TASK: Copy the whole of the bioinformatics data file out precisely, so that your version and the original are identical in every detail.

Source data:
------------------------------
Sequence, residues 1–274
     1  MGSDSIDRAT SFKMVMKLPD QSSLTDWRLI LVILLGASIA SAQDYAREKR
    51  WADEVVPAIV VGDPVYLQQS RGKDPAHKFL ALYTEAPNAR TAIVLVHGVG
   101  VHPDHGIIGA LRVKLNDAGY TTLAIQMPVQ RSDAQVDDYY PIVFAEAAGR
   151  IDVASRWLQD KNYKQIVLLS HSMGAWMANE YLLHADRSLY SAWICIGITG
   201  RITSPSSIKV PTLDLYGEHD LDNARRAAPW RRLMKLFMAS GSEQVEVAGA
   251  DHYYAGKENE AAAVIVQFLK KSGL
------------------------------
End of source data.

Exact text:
Sequence, residues 1–274
     1  MGSDSIDRAT SFKMVMKLPD QSSLTDWRLI LVILLGASIA SAQDYAREKR
    51  WADEVVPAIV VGDPVYLQQS RGKDPAHKFL ALYTEAPNAR TAIVLVHGVG
   101  VHPDHGIIGA LRVKLNDAGY TTLAIQMPVQ RSDAQVDDYY PIVFAEAAGR
   151  IDVASRWLQD KNYKQIVLLS HSMGAWMANE YLLHADRSLY SAWICIGITG
   201  RITSPSSIKV PTLDLYGEHD LDNARRAAPW RRLMKLFMAS GSEQVEVAGA
   251  DHYYAGKENE AAAVIVQFLK KSGL